the FOTO newsletter.
electronic version, used by most
photographs and more articles of
interest about astronomy topics.
The printed version is printed in
black and white and is an
newsletter. This has been done for
reasons of economy. The printed
version requires volunteer hours and
money for printing, collating,
labeling and mailing. There was a
discussion as to whether the printed
version is still necessary.
inquiry will be sent to those
members receiving the printed
version to determine why they
prefer this version.
Did You Know….
Material being pulled into a black
hole is accelerated to close to the
speed of light and heated to over a
million degrees. Extremely hot gas
glows very brightly.
UC Communiversity
Continuing Education
Beginners’ Stargaze
Friday, March 23rd, 8-10 pm
By Craig Niemi
By Craig Niemi
February 8th
Dance of the Gods
February 12th
Behind the Scenes at the
February 19th
Stargazing 101
February 25th
Jupiter: King of the Planets
February 27th
NASA Mission Update
All classes $18 per person (+ any
contact UC Communiversity at
513-556-6932 or online at
February FOTO
Planning Meeting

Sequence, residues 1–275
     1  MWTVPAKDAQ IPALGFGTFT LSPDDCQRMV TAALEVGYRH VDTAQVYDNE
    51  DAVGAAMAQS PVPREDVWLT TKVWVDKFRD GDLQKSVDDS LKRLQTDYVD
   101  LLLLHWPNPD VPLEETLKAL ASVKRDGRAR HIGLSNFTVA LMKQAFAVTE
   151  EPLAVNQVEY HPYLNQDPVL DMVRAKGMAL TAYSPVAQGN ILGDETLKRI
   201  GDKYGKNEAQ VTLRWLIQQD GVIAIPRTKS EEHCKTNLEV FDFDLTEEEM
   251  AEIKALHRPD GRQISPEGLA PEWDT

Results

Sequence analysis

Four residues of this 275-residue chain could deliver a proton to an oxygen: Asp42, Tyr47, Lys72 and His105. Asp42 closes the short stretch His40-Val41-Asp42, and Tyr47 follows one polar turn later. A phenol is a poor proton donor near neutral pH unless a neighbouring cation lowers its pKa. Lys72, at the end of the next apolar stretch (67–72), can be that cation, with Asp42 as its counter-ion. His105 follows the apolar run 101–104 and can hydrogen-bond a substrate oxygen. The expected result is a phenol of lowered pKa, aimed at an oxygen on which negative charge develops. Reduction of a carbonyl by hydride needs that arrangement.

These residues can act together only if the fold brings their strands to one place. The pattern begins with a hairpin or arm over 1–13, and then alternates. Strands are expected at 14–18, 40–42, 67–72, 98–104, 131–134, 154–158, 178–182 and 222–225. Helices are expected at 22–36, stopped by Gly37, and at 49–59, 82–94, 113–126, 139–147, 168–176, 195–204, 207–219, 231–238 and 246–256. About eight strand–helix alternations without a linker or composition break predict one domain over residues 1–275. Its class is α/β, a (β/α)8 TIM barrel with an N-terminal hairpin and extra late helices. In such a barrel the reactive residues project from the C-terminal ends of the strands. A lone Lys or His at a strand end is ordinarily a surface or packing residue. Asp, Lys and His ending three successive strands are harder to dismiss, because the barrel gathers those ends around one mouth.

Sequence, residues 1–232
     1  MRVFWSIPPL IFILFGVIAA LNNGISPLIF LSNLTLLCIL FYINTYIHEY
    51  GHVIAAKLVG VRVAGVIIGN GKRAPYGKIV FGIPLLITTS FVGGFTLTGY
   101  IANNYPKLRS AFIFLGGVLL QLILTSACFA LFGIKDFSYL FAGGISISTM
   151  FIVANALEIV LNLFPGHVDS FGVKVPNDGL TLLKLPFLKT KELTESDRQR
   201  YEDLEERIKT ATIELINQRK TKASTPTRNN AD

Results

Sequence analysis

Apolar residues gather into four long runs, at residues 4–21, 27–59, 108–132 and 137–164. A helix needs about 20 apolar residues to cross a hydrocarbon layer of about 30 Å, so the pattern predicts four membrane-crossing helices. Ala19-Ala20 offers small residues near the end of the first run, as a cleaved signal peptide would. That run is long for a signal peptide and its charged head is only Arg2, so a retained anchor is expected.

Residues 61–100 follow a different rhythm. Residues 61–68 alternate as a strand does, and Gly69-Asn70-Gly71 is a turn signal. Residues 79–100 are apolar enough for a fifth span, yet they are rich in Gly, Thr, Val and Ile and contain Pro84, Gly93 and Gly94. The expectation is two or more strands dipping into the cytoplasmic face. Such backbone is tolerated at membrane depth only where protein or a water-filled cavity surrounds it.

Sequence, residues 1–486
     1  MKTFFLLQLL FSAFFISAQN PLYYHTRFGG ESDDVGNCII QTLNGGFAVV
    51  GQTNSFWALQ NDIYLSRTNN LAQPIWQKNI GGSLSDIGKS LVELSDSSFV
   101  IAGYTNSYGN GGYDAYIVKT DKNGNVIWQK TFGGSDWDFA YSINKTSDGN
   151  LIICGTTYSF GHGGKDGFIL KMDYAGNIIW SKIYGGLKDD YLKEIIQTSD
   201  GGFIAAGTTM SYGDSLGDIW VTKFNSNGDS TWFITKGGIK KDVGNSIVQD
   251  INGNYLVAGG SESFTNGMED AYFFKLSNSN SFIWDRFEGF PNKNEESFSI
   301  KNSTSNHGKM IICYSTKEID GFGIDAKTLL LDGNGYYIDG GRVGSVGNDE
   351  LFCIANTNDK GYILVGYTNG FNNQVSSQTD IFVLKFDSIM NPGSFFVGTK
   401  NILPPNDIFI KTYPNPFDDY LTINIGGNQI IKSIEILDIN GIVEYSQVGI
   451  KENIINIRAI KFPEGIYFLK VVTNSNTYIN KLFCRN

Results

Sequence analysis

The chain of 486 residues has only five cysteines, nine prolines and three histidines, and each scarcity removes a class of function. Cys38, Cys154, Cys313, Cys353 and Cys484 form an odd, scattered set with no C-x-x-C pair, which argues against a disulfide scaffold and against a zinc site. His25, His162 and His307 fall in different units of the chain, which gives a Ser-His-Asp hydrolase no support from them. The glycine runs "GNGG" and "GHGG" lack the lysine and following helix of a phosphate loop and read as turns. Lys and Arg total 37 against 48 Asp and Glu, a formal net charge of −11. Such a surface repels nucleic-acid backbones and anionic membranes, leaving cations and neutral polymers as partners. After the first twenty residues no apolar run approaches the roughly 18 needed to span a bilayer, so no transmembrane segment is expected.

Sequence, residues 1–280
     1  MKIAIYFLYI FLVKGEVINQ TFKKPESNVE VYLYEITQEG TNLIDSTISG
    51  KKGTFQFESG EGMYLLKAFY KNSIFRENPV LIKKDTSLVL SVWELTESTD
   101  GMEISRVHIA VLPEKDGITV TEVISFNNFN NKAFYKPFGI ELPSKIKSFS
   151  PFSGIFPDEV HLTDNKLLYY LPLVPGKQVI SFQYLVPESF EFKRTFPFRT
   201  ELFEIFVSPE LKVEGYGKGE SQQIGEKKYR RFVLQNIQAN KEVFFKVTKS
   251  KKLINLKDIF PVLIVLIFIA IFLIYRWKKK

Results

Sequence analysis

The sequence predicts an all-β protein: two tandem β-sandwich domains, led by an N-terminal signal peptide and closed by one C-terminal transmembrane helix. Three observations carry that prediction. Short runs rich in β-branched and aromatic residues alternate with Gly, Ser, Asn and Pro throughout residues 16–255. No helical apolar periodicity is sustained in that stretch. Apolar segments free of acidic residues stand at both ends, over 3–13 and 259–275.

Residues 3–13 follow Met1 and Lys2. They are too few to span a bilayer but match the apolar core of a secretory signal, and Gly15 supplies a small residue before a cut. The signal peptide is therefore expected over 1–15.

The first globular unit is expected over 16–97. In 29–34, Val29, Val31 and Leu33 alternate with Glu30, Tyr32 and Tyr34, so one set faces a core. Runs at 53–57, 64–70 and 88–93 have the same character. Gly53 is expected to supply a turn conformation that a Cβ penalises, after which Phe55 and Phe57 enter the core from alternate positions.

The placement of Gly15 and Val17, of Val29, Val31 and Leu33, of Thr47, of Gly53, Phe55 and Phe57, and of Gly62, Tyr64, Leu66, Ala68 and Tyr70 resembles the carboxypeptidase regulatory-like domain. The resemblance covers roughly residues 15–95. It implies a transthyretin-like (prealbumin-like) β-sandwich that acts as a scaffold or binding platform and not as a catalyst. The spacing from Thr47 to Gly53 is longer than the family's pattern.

By Basil Rowe
The next FOTO Planning Meeting is
scheduled for Thursday, February
21, 2013 at 6pm at the Observatory.
The meeting generally lasts a couple
hours. The planning meetings are
open to all FOTO members. We
encourage your participation in the
Calling all beginning stargazers!
Want some hands-on practice
using a portable telescope? Join
us for an outdoor stargaze on the
Observatory’s grounds. You can
bring your own telescope if you
have one… or, “rent” one of ours
for the evening! A brief
presentation will introduce you to
the basics of how to use a
telescope, and the best targets to
look for in the sky that night.
Simple star charts will be
provided. The rest of the evening
will be spent outside viewing
(weather permitting). You’re in
charge of your own telescope –
or bring a friend and share – but
staff and volunteers will be